It might not win any beauty pageants, but celeriac is a culinary revelation and one of the most versatile vegetables to plant. A cross between celery, fennel, walnut and aniseed, its tangled swollen roots look haphazard and messy, but its crisp, nutty parcels deliver an invigorating pay-off. As Lucy Chamberlain points out: ‘Moisture-loving, crunchy and nutritious, celeriac rewards the patient gardener with generous returns and robust flavors.’
Known botanically as Apium graveolens var. rapaceum (and colloquially as ‘knob celery’), celeriac isn’t hard to grow – it just takes time! Thanks to slow germination and a long growing season, you should sow now into shallow pots, keeping compost just moist. Protect from chills and irrigate freely as growth accelerates in summer. Keep the soil fertile and moist as crops bulk up, water well and give mulching a try for the best returns. Harvest from late September, leaving in the ground longer for more intense flavors. Try ‘Monarch’, ‘Alabaster’, ‘Prinz’ and ‘Mars’. Celeriac makes a good companion plant for Brussels sprouts, celery, lettuce and alliums.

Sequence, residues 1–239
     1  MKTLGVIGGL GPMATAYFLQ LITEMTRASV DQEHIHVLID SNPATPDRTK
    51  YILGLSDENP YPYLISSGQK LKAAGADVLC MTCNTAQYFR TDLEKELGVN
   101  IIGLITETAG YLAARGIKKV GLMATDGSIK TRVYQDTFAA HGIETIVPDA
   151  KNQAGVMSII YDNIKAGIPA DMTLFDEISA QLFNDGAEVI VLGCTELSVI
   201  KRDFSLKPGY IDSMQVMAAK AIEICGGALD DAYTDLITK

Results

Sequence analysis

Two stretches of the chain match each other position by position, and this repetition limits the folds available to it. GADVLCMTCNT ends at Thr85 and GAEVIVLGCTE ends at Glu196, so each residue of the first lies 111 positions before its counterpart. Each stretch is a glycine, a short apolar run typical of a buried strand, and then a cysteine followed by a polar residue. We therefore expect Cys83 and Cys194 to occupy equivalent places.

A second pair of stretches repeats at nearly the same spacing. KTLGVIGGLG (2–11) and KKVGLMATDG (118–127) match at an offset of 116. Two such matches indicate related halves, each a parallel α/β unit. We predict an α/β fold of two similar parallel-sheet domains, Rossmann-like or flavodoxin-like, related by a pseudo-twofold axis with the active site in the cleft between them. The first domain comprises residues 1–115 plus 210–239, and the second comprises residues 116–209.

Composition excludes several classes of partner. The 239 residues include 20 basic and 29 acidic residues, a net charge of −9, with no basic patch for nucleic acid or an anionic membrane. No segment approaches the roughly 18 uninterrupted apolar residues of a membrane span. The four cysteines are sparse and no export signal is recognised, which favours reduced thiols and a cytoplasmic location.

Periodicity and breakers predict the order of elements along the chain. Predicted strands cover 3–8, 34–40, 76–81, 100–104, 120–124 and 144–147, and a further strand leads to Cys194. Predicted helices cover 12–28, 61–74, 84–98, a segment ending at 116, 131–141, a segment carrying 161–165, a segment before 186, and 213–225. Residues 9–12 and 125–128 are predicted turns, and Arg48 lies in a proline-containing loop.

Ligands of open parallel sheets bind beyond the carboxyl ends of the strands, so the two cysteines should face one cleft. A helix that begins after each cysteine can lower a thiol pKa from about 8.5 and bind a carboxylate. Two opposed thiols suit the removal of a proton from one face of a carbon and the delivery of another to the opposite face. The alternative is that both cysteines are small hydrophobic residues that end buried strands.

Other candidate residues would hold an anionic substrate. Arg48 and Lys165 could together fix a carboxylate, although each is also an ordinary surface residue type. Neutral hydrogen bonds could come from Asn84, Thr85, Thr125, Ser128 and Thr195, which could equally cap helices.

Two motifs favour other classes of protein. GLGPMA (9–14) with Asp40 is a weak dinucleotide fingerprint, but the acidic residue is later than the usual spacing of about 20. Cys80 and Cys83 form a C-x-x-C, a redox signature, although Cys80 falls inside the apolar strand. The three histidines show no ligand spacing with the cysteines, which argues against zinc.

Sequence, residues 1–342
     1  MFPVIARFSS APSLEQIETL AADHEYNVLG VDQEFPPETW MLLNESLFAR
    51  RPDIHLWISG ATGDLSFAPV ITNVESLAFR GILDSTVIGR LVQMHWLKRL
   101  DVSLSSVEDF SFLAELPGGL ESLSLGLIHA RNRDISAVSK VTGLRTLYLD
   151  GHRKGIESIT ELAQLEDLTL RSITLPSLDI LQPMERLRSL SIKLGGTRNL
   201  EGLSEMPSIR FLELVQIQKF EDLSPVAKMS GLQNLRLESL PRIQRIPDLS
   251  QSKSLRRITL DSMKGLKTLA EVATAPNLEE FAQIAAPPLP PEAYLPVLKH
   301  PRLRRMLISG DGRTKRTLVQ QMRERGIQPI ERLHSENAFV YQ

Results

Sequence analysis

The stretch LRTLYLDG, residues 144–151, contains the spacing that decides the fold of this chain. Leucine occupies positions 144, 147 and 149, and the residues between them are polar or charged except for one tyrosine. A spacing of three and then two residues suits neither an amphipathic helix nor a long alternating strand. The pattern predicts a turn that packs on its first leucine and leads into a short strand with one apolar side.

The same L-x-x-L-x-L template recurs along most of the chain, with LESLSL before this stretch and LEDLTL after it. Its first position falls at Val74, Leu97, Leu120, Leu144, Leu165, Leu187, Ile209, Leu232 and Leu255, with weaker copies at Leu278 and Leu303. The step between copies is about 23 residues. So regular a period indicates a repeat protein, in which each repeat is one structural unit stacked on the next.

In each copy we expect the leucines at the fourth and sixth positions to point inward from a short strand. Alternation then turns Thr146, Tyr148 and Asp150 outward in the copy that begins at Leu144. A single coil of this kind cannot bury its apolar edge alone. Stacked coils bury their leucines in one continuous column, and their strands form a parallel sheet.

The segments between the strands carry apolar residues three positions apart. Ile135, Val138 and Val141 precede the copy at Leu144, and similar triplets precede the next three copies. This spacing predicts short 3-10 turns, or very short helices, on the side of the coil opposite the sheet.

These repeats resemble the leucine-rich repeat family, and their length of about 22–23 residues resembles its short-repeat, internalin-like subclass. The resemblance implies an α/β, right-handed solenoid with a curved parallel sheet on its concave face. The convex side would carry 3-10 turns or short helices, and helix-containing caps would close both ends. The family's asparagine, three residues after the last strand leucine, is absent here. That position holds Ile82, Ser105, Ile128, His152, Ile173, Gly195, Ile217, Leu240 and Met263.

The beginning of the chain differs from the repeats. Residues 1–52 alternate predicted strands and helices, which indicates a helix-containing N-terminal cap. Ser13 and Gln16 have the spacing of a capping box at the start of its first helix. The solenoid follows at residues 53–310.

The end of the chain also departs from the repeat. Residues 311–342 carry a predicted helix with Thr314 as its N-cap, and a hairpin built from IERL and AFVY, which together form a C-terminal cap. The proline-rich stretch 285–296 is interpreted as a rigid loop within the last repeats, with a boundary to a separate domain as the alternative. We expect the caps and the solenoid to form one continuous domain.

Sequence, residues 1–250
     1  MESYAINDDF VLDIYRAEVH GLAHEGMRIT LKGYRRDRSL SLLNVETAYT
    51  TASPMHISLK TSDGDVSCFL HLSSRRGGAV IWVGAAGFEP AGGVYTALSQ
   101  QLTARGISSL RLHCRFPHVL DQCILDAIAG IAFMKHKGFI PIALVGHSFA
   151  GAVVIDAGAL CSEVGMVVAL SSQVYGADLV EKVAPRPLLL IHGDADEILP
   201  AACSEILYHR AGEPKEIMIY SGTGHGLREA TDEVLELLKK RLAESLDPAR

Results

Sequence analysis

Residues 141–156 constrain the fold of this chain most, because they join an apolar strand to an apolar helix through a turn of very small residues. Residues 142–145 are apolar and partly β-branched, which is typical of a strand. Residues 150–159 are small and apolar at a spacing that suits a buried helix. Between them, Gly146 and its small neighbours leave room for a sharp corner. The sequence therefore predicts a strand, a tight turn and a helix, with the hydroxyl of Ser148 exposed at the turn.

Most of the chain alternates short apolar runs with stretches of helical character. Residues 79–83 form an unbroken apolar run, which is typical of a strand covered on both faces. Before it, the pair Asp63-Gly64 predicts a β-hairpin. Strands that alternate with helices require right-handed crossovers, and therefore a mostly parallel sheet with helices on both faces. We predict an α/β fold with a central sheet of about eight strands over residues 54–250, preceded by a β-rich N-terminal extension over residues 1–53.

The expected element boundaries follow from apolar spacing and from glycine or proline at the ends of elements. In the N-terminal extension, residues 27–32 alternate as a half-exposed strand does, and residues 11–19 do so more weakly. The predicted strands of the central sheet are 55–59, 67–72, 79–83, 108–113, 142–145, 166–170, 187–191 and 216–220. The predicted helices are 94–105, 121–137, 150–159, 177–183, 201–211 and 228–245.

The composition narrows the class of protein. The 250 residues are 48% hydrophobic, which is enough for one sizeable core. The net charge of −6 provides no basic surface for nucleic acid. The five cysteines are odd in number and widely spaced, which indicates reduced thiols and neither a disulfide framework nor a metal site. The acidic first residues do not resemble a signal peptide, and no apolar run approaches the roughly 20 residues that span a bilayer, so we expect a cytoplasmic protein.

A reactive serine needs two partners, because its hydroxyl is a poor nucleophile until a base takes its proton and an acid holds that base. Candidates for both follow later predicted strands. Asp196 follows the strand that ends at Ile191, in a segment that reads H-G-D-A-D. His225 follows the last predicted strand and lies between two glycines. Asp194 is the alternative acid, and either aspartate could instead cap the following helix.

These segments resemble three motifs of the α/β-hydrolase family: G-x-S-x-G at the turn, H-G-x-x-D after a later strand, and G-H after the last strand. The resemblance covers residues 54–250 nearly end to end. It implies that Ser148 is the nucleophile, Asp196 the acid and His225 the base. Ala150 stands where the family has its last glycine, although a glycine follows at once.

Fans of companion planting should grow with tomatoes, spinach, peas and beans. Celeriac stores brilliantly and keeps for eight months. So it may not be a looker, but it’s definitely a keeper!